Vinyl Lacquers Were Cut Directly From Analog Tape
Fences is something new for our band Bombadil. It is more than just an album; it is a new path, a reset after several challenging years. The path began in January 2015, when a longtime member of Bombadil unexpectedly left our band. Daniel Michalak and I sat down to discuss our next steps. It was a time for soul searching. A duo of a bassist and drummer did not feel like a band. Moving forward seemed daunting, but we both felt like there was more to say with the band. We wanted to make music. So we began simply by making some. Writing and recording the Still Bombadil EP was fun. A fast and dirty exploration of a creative idea, no room for fiddling, deadline looming. Our last album, Hold On, had not been like that. It had been an ordeal.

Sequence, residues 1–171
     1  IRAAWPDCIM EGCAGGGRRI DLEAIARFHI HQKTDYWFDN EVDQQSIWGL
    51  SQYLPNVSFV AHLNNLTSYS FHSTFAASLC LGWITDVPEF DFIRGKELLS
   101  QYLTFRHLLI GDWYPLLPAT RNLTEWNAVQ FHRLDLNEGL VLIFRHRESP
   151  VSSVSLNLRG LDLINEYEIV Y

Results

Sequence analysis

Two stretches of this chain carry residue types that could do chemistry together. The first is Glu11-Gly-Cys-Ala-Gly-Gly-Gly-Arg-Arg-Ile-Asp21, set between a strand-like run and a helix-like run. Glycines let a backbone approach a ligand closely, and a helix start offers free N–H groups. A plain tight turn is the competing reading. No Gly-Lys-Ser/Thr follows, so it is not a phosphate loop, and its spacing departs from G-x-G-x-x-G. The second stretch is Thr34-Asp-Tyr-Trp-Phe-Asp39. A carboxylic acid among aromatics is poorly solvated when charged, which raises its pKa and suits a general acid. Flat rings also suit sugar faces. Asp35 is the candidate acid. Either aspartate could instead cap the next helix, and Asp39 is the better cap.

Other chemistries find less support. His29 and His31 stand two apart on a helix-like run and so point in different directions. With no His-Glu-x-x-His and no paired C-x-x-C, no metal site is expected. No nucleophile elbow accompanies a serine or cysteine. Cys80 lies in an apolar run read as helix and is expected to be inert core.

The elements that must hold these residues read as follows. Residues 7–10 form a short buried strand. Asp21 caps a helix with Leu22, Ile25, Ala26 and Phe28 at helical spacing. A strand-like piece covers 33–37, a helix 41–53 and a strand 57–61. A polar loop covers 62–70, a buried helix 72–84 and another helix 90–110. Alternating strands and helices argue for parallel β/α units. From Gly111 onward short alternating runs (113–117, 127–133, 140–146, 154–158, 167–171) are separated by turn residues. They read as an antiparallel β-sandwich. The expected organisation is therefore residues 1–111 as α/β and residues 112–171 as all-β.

Daniel suggested composing songs using guitar instrumentals our old bandmate Bryan Rahija had written, and of limiting ourselves to a small palette for the next album: guitar, piano, upright bass, harmony vocals. The goal was to make a folk record, something easy to understand, something beautiful. He shared a demo for "Binoculars" and I loved it. It was simple, elegant. We added it to the live set almost immediately. Daniel continued writing, focusing on guitar, harmony, and emotion. The songs inconveniently had no drums (what was I going to play?!). He instead wrote parts for me to sing and we began collaborating on composing tunes with a similar approach. "Fence" was written together at a friends house in Crozet, Virginia to kill time on tour. An old song of mine, "Long Life," was revived and extended. Percussion parts started to show up. Daniel's commitment to songwriting continued to inspire, a new demo was in my inbox almost weekly. Daniel enlisted the help of an old friend and data scientist, Nasir Bhanpuri, to analyze the success of our old catalog of songs and make suggestions to guide our writing and arranging. It was an experiment that pushed us to take the songs further than we might have in the past. In part, we were throwing ideas at the wall to see what would stick, but we were also searching for something new, actively trying to push ourselves to new creative heights.